1. It is the fruit of grace. By nature the heart is averse from God, desireth not to serve or enjoy him. See what the scripture saith of man’s heart: Prov. x. 20, ‘The heart of the wicked is nothing worth,’ a sty and nest of unclean birds; Gen. vi. 5, ‘Every imagination of the thoughts of his heart are only evil continually.’ The scripture doth much set out the heart of man; it is foolish, vain, deceitful, Jer. xvii. 9, vain, earthly, unclean, proud. There is a strange bead-roll: Mark vii. 21-23, ‘Out of the heart of man proceed evil thoughts, adulteries, fornications, murders, thefts, covetousness, deceit, lasciviousness, an evil eye, blasphemy, pride, foolishness.’ It was in, or else it would never come out. If a man should vomit nothing but knives, daggers, pistols, and other instruments of destruction, of what a monstrous complexion would you judge that man to be! Oh, no such monster in the world as man’s heart! If let alone to its own bent, it would grow worse every day, as putrid flesh grows more noisome every day. But now God by his grace giveth ‘a new heart,’ that hath other dispositions and inclinations, a heart that loveth God, and delights in God, tends to God. A new heart is the great blessing of the covenant, Ezek. xxxvi. 26; a new heart is a new placing of our desires and delights, for by these the heart is known.
2. It is the ground of obedience; for the heart is the main wheel of the soul, that moveth other things: a bowl is made round before it runneth round: Deut. v. 2, ‘Oh, that there were such an heart in them, that they would fear me!’ There must be somewhat to bear up our resolutions. But more particularly, what is this bent and inclination of heart?
And first negatively.
1. It is not a simple approbation of the ways of God. Many go so far as to approve what is good, to condemn themselves for not doing it, to praise others that are holy, can be content that those that are under their power should take to the ways of God, as dissolute parents would have their children soberly brought up, video meliora proboque: Acts v. 13, ‘The people magnified them,’ yet durst not join themselves with the disciples of Christ. Saul said unto David, 1 Sam. xxiv. 17, ‘Thou art more righteous than I;’ yet David was fain to go to his hold; as the woman, in Luke xi. 27, 28, cried out, ‘Blessed is the womb that bare thee, and the paps that gave thee suck;’ but Christ said, ‘Rather blessed are they that hear the word of God and keep it.’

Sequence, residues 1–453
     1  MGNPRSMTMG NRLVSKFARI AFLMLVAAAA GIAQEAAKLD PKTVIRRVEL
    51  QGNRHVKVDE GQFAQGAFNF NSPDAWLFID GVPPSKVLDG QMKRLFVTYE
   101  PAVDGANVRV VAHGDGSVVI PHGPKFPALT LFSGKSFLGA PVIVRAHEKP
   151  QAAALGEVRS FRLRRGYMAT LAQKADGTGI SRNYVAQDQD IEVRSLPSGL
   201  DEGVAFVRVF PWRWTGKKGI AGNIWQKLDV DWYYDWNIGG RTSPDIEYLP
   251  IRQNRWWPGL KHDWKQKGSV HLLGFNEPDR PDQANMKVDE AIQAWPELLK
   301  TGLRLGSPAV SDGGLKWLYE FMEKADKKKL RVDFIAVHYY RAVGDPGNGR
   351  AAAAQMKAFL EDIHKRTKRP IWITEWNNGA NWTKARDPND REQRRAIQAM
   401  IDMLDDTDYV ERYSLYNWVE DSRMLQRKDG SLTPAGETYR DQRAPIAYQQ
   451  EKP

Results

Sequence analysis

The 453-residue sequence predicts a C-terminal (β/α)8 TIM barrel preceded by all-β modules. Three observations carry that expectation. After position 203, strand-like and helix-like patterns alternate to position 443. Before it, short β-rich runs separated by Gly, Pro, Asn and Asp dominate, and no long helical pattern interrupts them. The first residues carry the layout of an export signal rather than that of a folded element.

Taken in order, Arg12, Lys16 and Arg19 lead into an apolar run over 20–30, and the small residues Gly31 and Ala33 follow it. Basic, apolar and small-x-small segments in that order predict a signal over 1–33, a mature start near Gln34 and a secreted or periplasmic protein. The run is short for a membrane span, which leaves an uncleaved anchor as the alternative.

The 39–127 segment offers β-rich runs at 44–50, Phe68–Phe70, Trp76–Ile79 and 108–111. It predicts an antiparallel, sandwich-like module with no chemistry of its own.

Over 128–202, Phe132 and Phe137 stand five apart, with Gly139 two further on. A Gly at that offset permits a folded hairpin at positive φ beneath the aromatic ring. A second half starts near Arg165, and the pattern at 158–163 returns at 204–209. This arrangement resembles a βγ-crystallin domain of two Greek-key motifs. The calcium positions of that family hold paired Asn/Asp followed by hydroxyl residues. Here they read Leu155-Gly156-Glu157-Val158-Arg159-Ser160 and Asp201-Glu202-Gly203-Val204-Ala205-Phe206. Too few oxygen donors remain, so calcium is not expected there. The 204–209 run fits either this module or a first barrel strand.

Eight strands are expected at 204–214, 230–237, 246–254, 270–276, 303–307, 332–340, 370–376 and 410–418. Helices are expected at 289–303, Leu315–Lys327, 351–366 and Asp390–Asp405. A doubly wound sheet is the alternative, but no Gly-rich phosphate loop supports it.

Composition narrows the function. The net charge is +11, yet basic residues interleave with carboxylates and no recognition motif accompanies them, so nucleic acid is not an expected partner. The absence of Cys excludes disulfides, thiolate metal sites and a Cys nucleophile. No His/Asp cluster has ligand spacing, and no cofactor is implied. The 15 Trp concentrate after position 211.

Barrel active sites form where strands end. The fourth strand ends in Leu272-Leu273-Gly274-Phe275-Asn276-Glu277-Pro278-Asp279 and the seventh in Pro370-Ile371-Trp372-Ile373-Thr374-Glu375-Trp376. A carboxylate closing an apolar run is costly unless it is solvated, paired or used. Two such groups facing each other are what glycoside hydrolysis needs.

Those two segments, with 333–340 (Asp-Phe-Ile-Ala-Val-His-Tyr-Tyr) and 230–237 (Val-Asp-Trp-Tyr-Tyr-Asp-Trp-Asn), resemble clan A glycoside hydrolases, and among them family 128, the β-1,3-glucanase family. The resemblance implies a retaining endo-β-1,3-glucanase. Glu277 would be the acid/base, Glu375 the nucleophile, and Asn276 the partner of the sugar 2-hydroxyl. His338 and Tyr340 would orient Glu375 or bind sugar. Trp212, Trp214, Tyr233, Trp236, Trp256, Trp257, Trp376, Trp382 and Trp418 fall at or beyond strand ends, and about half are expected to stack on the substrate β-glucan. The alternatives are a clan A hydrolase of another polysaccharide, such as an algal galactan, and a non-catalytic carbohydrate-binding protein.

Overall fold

2. It is not a bare desire or wish. Many that live ill could wish to live well. Balaam had his wishes, but went on in his course, Num. xxiii. 10. Some flashes they have; a spark is not enough to set the heart on fire in holy things; in carnal things it is enough. Many such languid motions carnal men have, yea, many cold prayers, that God would make them better, but ‘the soul of the sluggard desireth and hath nothing, for his hands refuse to labour;’ they do not set themselves in good earnest to get that grace they wish for. Would I were at such a place! but never stir a foot. Would I had written such a task! and never put pen to paper.
3. It is not a hypocritical will; or, as one called it, a copulative will. We would, but with such or such a condition. I would, if it did not cost me so dear; if I were not to mortify lusts, to deny friends, interests, relations. They would come to the supper, Mat. xxii., but one had married a wife, another had a yoke of oxen to prove, another had found merchandise; this is no full and perfect will. No doubt but the chapman would have the wares, but he will not come to the price; a Christian should say, I will whatever it cost me, I will what ever come of it: Ps. xxvii. 4, ‘One thing I have desired of the Lord, and this I will seek after.’
Secondly, Positively. Then is the heart inclined:—
1. When the judgment determineth for God, and comes to a full decree about obedience to him. Acts xi. 23, Paul exhorted them, ‘That with full purpose of heart they would cleave to the Lord;’ that is the fruit of conversion; not a little liking or hovering or faint resolution, but a full purpose, an absolute positive decree in the will, to own God and his ways whatever it cost us, a full consent to the duty of the covenant.
2. When the will is poised and swayed with love and delight, and the heart is made suitable to obedience: ‘Thy law is in my heart, and I delight to do thy will, O God,’ Ps. xl. 8. Many times the law of God is written in the mind; many have good apprehensions, but the will is not swayed, bent this way. Amor meus est pondus meum, eo feror quocunque feror; when there is a natural inclination.
3. When this bent of the will is seconded with constant endeavours to attain what we resolve upon, and there is a continual striving to make good the articles of our perfect resignation or first surrender of ourselves to God: Phil. iii. 12, ‘I follow after that I may apprehend that for which I am apprehended of Christ.’ God taketh hold of us by his grace, and we carry on this grace in the way of diligent pursuit or constant obedience. It is not one endeavour or two, but such as hath its constant force; hath not its pangs of devotion, but τὸ θέλειν παράκειται, ‘to will is present with me,’ Rom. vii. 18. It is a daily habitual constant will; not a volatile devotion, that cometh upon us now and then, but such a will as is present as constant as evil is, Rom. vii. 21: κακὸν παράκειται. Wherever you go, or whatever you are about, you carry a sinning nature about with you; it is urging the heart to vanity, folly, and lust. So this will is present, urging the heart to good, and stirring up to holy motions.